Research from The Kennel Club released ahead of Mental Health Awareness Week shows positive impact of canine companionship for owners
- Two in five credit their dog with easing feelings of loneliness, with younger generations benefitting the most from canine companionship
- Older age groups also cite mental and physical health benefits of walking their dog, with over two thirds finding their mood and wellbeing improved
- And more than a third of dog owners feel less anxious thanks to their four-legged-friend
This year’s Mental Health Awareness Week is exploring the impact of loneliness, with connections to other people being severely reduced over the past two years. However, this research shows that dogs provided a vital source of comfort and companionship during this time, with an overwhelming 95 per cent of owners agreeing that their dog improves their mental health, while almost a third (32 per cent) say their dog was there for them when no-one else was.
Furthermore, while experts are concerned that younger generations are most at risk of suffering from loneliness, this research shows that these age groups appear to benefit the most from dog ownership, with more than half (54 per cent) of those aged 16-24 saying that their dog helps them to feel less lonely. In fact, two in five (40 per cent) of all owners credit their dog with easing feelings of loneliness, indicating that dogs really are man’s best friend, regardless of age.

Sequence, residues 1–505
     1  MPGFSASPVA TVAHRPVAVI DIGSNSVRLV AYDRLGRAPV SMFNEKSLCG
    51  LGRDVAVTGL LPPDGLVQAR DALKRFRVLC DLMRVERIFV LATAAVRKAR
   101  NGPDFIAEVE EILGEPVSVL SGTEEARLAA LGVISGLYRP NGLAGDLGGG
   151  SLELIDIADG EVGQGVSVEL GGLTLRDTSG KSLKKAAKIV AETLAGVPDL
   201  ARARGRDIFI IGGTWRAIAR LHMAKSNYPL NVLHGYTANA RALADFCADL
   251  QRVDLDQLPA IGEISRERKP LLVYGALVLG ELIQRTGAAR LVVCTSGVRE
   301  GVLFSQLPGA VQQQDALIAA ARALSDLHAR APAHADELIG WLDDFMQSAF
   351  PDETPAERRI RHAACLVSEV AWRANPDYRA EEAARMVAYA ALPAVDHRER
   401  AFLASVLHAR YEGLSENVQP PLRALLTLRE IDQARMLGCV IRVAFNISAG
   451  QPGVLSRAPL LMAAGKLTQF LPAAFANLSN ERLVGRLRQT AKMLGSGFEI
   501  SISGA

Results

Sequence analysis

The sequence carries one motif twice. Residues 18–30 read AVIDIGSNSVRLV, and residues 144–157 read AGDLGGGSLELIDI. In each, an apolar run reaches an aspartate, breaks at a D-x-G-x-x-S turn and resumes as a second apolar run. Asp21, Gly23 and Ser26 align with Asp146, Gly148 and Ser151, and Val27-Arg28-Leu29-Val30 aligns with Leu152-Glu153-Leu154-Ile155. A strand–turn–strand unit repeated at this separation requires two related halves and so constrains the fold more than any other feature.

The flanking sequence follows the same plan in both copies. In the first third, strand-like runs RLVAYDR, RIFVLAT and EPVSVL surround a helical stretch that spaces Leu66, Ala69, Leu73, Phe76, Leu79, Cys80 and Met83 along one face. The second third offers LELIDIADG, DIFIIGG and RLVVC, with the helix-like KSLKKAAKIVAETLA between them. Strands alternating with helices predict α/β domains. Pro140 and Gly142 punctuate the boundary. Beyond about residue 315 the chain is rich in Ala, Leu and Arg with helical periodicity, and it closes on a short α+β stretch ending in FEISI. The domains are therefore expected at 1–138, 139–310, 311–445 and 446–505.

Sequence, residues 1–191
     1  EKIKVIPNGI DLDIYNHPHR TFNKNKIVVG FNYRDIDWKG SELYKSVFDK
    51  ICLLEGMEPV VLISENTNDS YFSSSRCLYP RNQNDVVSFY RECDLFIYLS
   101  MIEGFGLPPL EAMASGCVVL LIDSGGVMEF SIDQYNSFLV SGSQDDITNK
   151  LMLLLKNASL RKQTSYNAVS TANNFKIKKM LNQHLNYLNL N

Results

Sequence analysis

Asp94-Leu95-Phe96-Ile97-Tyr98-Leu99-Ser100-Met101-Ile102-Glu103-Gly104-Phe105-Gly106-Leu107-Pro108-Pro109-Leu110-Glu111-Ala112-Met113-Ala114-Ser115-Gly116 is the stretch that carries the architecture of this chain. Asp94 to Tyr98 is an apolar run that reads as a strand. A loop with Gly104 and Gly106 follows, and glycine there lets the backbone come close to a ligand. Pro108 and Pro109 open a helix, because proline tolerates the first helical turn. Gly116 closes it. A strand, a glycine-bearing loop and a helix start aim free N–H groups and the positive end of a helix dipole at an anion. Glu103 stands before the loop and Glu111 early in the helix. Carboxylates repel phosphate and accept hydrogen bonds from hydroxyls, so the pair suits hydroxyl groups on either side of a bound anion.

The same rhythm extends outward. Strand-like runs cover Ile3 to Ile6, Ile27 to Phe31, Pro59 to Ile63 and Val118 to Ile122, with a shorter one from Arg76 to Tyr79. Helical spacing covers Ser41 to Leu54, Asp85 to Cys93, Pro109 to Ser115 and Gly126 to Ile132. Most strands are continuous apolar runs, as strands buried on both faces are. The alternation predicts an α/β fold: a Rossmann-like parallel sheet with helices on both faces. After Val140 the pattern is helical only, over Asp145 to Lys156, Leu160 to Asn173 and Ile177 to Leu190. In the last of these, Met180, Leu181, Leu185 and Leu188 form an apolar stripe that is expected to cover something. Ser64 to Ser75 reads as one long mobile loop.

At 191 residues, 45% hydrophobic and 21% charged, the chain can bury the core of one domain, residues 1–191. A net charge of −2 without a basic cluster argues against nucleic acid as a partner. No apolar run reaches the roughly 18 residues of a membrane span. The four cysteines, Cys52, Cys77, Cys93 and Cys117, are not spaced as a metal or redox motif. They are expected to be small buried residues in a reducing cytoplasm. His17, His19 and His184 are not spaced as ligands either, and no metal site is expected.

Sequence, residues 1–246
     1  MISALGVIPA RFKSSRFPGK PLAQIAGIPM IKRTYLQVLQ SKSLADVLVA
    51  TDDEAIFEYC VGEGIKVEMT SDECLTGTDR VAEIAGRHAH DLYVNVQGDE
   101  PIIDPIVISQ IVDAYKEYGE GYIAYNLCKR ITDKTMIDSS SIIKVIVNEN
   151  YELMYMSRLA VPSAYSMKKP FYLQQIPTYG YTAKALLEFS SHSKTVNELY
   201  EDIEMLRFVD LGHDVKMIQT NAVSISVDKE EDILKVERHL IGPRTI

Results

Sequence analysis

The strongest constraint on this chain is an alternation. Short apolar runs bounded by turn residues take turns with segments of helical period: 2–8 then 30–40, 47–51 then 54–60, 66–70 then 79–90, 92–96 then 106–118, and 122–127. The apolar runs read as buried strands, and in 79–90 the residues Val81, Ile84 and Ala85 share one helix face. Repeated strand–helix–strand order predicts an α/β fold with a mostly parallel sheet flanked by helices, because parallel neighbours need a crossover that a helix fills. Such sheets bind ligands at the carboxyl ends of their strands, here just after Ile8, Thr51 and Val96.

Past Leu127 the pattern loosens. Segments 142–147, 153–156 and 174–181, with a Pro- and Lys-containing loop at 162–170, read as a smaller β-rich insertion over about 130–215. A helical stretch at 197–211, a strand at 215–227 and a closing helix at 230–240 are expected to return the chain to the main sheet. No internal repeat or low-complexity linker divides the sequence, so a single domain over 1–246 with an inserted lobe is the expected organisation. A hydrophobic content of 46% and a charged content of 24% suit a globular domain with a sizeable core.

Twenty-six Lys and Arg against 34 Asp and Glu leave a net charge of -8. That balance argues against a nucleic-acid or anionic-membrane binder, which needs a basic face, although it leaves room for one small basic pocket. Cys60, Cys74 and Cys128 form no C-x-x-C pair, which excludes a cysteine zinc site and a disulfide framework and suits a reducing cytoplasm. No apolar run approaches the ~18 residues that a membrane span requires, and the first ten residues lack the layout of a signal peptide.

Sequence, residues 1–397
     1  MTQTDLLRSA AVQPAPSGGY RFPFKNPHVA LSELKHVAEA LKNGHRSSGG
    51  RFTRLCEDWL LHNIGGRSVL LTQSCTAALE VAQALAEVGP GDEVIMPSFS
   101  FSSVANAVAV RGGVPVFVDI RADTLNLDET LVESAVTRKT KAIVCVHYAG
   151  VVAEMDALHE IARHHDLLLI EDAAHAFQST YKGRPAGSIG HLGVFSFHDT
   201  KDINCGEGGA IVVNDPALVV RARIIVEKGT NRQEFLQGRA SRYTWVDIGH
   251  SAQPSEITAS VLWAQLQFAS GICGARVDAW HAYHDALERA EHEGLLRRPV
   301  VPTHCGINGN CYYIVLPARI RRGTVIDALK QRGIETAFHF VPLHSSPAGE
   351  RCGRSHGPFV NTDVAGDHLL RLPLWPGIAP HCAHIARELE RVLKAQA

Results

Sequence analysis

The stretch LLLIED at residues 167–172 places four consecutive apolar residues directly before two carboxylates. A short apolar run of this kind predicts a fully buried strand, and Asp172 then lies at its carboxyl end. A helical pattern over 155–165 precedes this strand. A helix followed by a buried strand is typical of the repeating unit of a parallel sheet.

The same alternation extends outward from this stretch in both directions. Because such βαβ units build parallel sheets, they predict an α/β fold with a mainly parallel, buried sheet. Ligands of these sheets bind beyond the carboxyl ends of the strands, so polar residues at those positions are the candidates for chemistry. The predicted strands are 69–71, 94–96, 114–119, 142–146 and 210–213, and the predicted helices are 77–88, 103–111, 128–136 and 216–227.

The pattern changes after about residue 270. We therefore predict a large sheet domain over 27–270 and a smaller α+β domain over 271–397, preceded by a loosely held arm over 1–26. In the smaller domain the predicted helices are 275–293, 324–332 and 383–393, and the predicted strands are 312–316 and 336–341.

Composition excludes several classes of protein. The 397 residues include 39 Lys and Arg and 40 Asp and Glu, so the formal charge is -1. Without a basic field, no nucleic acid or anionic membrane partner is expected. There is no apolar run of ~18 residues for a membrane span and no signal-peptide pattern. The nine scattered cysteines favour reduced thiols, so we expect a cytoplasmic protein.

And it’s not just loneliness that dogs prove to be a tonic for, with more than a third (37 per cent) feeling less anxious thanks to their dog, and almost half (47 per cent) saying their dog makes them feel less stressed.
Pete Lewin, from Leicester, knows first-hand how beneficial dogs can be for providing comfort for those feeling isolated and lonely. Pete, a long-standing front-line paramedic for East Midlands Ambulance Service, runs a non-profit organisation providing open water swimming opportunities with his Newfoundland dogs for suicide prevention and those struggling with their mental health. Earlier this year, Pete and his four-legged team were presented with The Kennel Club Hero Dog Award at Crufts 2022 for their live-saving work helping those suffering with feelings of isolation, loneliness, depression, stress and anxiety.
Speaking of the powerful ways in which his dogs have helped others, Pete said: “Dogs are great for emotional support, they give people confidence that somebody is there for them – they’re not there to judge, to criticise or condemn.
“And they really can be life-savers. There are people out there who will tell you that they are here today because of these dogs. One guy came to us after he took an overdose. Before swimming with the dogs, he was suicidal, and now he works for the ambulance service.
“Whatever it is that dogs have got, it is helping people.”
Keeping fit and active is also beneficial for mental wellbeing, and more than half of owners (58 per cent) agree walking their dog improves their mood, while two in five (42 per cent) believe staying active with their dog has had a positive impact on their mental health. In fact, over two thirds (69 per cent) of those aged 55+ agree that walking their dog improves their mood and general wellbeing.
“This research shows how much dogs enrich our lives, from providing solace and companionship during difficult and lonely times, to giving us a sense of purpose and routine,” said Bill Lambert, spokesperson for The Kennel Club. “This has been particularly apparent over the last two years, when many of us have experienced feelings of loneliness and stress whilst being much more isolated from friends and family than usual, but our dogs have continued to be there through it all.”
As part of Mental Health Awareness Week, The Kennel Club is celebrating the positive effect that dogs can have on our mental well-being. More information and useful resources can be found by visiting The Kennel Club website.